Question Category: Issues from the Saddle

Question: Dear Ms. Goodnight,

I have a 15-year-old quarter horse, MAX, who decided he does not want to be the second horse out on the trail. I ride alone most of the time but do enjoy the company of others. When he feels any competition from another horse he starts to arch his neck sets his head. He is not on the bit at all. After he gets mad enough he just hoops once and then rears. This can happen so fast I don’t see it coming until he is up. He is getting very good at rearing. I have been trying some things like another horse being in the lead, Max and I going by the first horse and stopping letting the second horse become the first, as soon as he gets “excited” I ask him to go away from the first horse, as soon as his direction is to the other horse he starts with the neck, head and the rear is very soon to come. How do you feel about tie-downs? Any suggestions besides don’t ride with others or be the lead horse all the time, those are some answers I have been given. Thank you in advance,

Ruth from Pennsylvania

Answer: Ruth,

This is not a matter of your horse rearing or whether or not you can ride with others, but a serious indication that your horse is dominant (over you and the other horses), aggressive and inadequately trained. A horse this out-of-control is dangerous to you and those you ride with. It is certainly not an issue that a tie-down would resolve, since these behavior problems are related to dominance and herd behavior, not raising his head (head raising and rearing are symptoms not the cause of the problem).

Just for the record, there is no situation in which I would use a tie-down on a horse to resolve a training problem because in this application it simply masks the symptoms of the horse’s problems and can get in the way of a horse’s natural carriage and balance. A tie-down is particularly dangerous in the event of a rearing horse because the horse is more likely to lose his balance and fall over when he rears.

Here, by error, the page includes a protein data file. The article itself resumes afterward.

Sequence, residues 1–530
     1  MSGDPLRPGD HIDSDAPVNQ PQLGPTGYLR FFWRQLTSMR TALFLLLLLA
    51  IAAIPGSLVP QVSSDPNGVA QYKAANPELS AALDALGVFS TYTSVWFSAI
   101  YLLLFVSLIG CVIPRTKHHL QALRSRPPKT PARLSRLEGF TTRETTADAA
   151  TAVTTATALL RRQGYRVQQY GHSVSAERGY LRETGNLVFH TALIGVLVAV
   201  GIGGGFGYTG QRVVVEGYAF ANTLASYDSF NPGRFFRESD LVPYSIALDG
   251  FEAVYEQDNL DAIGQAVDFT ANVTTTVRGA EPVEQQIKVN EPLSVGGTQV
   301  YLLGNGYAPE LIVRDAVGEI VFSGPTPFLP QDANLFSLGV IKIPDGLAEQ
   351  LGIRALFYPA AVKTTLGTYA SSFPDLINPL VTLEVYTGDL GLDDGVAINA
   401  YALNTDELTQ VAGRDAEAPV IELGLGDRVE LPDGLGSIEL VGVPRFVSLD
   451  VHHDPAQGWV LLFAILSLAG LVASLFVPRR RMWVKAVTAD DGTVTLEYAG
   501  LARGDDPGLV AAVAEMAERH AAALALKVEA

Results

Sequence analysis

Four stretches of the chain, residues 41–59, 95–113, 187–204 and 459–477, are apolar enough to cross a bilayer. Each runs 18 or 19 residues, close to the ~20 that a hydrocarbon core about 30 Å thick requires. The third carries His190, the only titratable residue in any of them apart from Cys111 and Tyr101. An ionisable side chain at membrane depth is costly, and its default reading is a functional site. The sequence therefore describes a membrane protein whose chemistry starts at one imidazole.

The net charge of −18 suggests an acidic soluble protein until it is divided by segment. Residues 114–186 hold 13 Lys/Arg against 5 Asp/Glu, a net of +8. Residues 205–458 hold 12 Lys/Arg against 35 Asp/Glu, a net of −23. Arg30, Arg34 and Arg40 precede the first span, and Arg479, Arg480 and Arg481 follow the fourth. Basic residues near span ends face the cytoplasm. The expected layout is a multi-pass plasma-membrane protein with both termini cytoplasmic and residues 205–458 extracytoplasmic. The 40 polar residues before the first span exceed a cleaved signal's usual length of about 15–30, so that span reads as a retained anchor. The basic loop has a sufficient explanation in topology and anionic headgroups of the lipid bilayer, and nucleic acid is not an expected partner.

Your horse needs to learn, right here, right now, in no uncertain terms, that this aggressive, herding and dominant behavior is absolutely intolerable when he is undersaddle or in the presence of humans. Any transgression should be met with the harshest correction; the punishment should fit the crime and the more aggressively your horse behaves, the harsher the punishment.

Always in horse training, you have to apply enough pressure to the horse to motivate him to change. In the case of your horse, because he is acting abnormally aggressive, it will likely take a lot of pressure to gets his attention and motivate him to change. Based on the history you have with this horse, it is questionable whether or not you will be assertive enough or in control enough to motivate this horse to change his behavior. In capable hands, this horse could be taught to mind his manners and be obedient in a short amount of time; you may want to consider taking this horse to a qualified trainer.